I have children and had pet and I can tell you that those two are comparable in any way. Not just in easy vs hard scale, but it is fundamentally different relationship.
It goes through a lot of emotions specifically thought to be human and shows evidence for them in animals. I couldn't find a paragraph to sum it up, but this might be the thesis of the article:
> Uniquely human emotions don’t exist. More and more, I believe that we share all emotions with other species in the same way that we share virtually every organ in our bodies with them. No exceptions.
> Like organs, the emotions evolved over millions of years to serve essential functions. Their usefulness has been tested again and again, giving them the wisdom of ages. They nudge us to do what is best for us. Some emotions may be more developed in humans, or apply to a wider range of circumstances, but none is fundamentally new.
Dog may love you. Snake won't. Cats don't.
It's likely that cats can sense your superior attitude toward them. As a result, they avoid bond-forming behaviors that require trust and vulnerability and mutual respect. Which in turn has reinforced your false idea that all cats are indifferent.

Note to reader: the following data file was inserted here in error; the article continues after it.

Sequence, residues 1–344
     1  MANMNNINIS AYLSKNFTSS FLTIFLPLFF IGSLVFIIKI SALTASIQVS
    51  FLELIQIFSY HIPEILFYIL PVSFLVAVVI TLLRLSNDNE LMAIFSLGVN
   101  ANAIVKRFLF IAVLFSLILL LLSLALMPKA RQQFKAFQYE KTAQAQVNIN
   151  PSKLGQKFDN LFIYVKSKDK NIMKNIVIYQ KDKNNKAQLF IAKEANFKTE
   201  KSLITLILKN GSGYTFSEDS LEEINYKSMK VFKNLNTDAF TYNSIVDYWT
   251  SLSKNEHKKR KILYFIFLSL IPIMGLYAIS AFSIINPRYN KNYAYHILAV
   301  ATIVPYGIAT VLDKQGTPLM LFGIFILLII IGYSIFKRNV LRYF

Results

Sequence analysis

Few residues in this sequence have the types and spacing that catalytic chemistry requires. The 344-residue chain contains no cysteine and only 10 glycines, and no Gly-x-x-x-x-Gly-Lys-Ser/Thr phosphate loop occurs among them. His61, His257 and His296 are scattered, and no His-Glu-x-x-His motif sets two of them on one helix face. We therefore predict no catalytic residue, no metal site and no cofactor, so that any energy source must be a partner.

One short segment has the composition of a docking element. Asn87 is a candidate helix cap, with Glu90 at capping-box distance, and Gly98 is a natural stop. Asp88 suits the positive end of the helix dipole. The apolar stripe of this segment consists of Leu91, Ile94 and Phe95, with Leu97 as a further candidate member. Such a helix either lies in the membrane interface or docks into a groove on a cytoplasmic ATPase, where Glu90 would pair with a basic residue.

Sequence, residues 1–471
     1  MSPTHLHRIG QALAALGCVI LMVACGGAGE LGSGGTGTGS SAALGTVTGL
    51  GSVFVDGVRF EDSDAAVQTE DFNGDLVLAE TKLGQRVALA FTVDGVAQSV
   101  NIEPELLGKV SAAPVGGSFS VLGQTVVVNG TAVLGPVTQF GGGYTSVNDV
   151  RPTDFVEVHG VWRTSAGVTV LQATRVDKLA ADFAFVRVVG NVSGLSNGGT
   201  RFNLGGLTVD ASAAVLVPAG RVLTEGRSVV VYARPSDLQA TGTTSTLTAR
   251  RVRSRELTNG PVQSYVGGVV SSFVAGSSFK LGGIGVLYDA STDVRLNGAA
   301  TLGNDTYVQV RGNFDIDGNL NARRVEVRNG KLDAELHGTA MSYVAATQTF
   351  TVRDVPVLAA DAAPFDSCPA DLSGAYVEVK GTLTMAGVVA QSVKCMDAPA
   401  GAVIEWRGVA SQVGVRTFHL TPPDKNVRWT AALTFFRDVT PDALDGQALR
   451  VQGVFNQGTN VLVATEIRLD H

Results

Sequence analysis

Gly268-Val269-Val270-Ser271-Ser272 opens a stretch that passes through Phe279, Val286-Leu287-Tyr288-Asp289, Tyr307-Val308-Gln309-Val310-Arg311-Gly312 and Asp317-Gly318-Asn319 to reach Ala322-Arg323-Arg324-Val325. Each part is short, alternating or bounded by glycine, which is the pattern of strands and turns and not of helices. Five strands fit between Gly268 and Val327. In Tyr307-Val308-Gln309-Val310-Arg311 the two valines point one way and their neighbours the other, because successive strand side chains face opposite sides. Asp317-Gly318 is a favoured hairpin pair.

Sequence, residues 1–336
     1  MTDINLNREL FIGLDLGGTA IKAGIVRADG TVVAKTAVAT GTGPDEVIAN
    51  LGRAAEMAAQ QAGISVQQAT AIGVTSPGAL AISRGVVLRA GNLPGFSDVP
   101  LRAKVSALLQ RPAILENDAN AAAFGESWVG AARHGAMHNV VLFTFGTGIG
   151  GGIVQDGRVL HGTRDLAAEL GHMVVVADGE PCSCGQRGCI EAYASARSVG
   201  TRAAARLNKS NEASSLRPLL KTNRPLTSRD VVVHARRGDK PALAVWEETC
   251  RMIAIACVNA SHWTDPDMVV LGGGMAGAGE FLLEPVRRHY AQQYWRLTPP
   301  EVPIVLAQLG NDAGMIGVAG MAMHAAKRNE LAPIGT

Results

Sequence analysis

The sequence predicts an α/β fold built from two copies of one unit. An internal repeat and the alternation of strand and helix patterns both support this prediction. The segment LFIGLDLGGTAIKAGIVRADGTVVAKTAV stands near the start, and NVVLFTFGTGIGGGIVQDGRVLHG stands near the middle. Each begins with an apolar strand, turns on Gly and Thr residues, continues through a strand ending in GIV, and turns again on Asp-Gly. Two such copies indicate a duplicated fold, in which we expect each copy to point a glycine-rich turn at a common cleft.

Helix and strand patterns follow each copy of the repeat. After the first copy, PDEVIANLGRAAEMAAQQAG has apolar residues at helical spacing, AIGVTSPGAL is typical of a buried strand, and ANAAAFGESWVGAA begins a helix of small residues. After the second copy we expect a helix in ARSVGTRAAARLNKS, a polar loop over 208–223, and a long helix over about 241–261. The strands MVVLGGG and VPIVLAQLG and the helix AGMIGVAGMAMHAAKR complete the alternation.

I've been very close with two cats. They followed me around everywhere in our house wherever I went, sat next to/on me at every opportunity, cuddled with me in bed every night, scratched furniture if I ignored them, waited for me at the door, called out when I wasn't home by a usual hour, and became visibly depressed (eating less, losing interest in play) when I would away on holiday for more than a day.
cats can trust and respect? I think it's a mistake to anthropomorphize animals to this degree.
I think you're doing the reverse of anthropomorphizing - assuming that because humans have an experience, then that experience must be unique to humans.
Cats have all kinds of trust signals: showing their belly to you, slowly blinking at you, circling you with tail up, fully grooming themselves where you can see them.
You won't see these signals if you don't treat the cat with respect, i.e.: invade their space without "asking" (letting them sniff your hand from a safe distance first), pick them up when their body language indicates they are just fine where they are, pet them on places that are vulnerable (belly, throat), touch their fur when your hands have lotions or other scents.